Attacks on the pipelines, and attempts to siphon fuel from punctured pipelines, have also led to the deaths of thousands of locals when the pipelines exploded.
Due to the danger and uncertainty, major oil companies have announced that they will postpone planned projects in the Nigerian swamps, including LNG plants worth about $20 billion. Those plants have been highly anticipated as critical sources of future imports for the U.S. and the U.K.
And in Ghana, a natural gas supply line currently under construction to bring Nigerian gas to African energy generation plants is delayed because the Niger Delta militants keep vandalizing the pipeline.
Chalk up another company of horsemen that won’t be riding to the rescue.
In addition to its losses in Kashagan and Nigeria, Eni lost production last year in Venezuela as Chavez seized their Dacion field. They have now asked the World Bank to arbitrate the dispute with Venezuela. (I wonder how far they’ll get, with Paul Wolfowitz, architect of the Iraq war and a bitter antagonist of Chavez, heading up the Bank?)
It’s tough to be an oil company out on the frontier of development. Very tough.
A few days ago, Venezuela made another unpleasant announcement to the six foreign oil companies that are being forced out of their investments there under Chavez’s renationalization program. Instead of being compensated in dollars, they will be paid in vouchers that will give them reduced equity stakes in future oil projects. Ouch.
Back in December, Occidental Petroleum announced it was going home after a long legal battle with the native people of northern Peru. For 30 years, Oxy failed to clean up their chemical waste from drilling operations there, leading to numerous health problems for the locals. Oxy has also been forced out of a $60 million investment in Colombia, where residents have struggled to stop the oil developments for over a decade, engaging in demonstrations, threatening mass suicide, and even being gunned down by paramilitary forces allegedly hired by Oxy.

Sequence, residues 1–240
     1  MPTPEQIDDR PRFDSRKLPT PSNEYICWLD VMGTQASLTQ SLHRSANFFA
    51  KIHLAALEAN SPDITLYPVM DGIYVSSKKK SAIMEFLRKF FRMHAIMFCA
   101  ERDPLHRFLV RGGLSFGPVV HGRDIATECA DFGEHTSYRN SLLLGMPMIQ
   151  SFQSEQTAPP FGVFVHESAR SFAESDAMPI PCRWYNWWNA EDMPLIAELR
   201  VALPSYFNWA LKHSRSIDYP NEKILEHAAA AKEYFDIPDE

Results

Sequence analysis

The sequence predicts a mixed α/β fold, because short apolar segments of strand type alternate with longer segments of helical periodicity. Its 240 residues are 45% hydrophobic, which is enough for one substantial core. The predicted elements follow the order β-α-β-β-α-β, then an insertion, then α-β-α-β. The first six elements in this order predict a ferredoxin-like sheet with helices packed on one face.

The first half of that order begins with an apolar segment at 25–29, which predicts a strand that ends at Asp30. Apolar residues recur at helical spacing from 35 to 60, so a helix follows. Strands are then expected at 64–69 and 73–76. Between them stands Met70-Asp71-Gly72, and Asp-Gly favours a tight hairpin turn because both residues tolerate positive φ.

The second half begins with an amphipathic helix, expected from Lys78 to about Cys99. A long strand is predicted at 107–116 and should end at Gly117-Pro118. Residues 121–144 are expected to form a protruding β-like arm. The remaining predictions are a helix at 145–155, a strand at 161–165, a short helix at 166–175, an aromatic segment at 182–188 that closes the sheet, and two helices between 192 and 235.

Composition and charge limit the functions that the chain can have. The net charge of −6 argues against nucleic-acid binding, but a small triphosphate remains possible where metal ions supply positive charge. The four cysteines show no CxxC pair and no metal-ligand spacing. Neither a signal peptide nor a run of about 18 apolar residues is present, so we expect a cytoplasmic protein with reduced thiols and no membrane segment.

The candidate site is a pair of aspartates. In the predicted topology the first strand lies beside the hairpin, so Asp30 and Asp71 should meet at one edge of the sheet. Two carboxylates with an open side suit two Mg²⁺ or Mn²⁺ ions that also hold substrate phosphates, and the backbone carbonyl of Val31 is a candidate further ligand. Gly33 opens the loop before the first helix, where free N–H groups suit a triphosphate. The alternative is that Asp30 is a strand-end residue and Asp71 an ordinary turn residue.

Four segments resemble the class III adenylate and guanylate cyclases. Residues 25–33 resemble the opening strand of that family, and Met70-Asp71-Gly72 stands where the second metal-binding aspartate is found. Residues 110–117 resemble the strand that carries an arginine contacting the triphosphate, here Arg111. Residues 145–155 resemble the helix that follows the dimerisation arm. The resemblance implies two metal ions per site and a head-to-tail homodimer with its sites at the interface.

In short: The people down south want a safe and clean environment as much as anybody else, and they don’t see the need to sacrifice that in order to satisfy our need for oil imports.
Turning to Iraq, a senior oil ministry official recently said that the country is losing up to 400,000 b/d of production due to attacks on the oil infrastructure, most of them targeting pipelines. In 2006, there was an attack about once every other day.
Pipelines are notoriously difficult to protect, and with the country verging on civil war and U.S. forces unable to secure even Baghdad, hopes for restoring the oil infrastructure in Iraq are fading fast.
So much for their being able to finance their own reconstruction, too.
As we have noted before , in some cases the price of oil itself is stifling oil projects. For example, at Shell’s Alberta oil sands project, the cost of producing a barrel of oil, after a planned 100,000 b/d expansion, will be six times higher than the cost when the project first started! That announcement last year had investors fleeing for the exits, and mercilessly took down the stocks of the companies involved . . . no doubt slowing those projects down as well.
The overriding theme should be clear:
* Cost overruns are the norm, not the exception, and projects are running over budget by two times or more.
* Foreign oil companies are taking some serious hits in their far-flung projects, and are adopting defensive postures. They will not be rushing out to the frontiers of Africa and the Caspian to develop the world’s last major sources of untapped oil and natural gas any time soon.
* The fossil fuel cavalry, if it ever leaves home at all, won’t be arriving in time to delay the peak or avert shortfalls.
Last week, legendary Texas oil man and oil market prophet T. Boone Pickens confirmed that we’re at the global peak of oil production: “If I’m right, we’re already at the peak,” he said. “The price will have to go up.”
Need another reason to believe him? Pickens’s bets on the oil market have netted him 800% returns since 2001.
A technical analysis last week by Stuart Staniford of The Oil Drum supports the notion that we’re at the peak, concluding that Saudi oil production went into decline at the rate of 8% a year in 2006. If Saudi Arabia is in decline, then by definition the world is in decline. An 8% decline rate there cannot be made up elsewhere.
So where does all this bad news for fossil fuels leave us?
You already know the answer: renewables.
They don’t need to be deployed in remote and dangerous parts of the world. They require no blood to protect, and do not bring disease and death to local populations. They emit no greenhouse gasses. And when the cost of oil projects spirals out of control like this, they start to look downright cheap, especially if you can think beyond next quarter’s balance sheet and see these trends extending a decade or two into the future.
I don’t believe the Street has priced in just how expensive the future of oil production is going to be, or how cheap renewables will be by comparison in a very short while.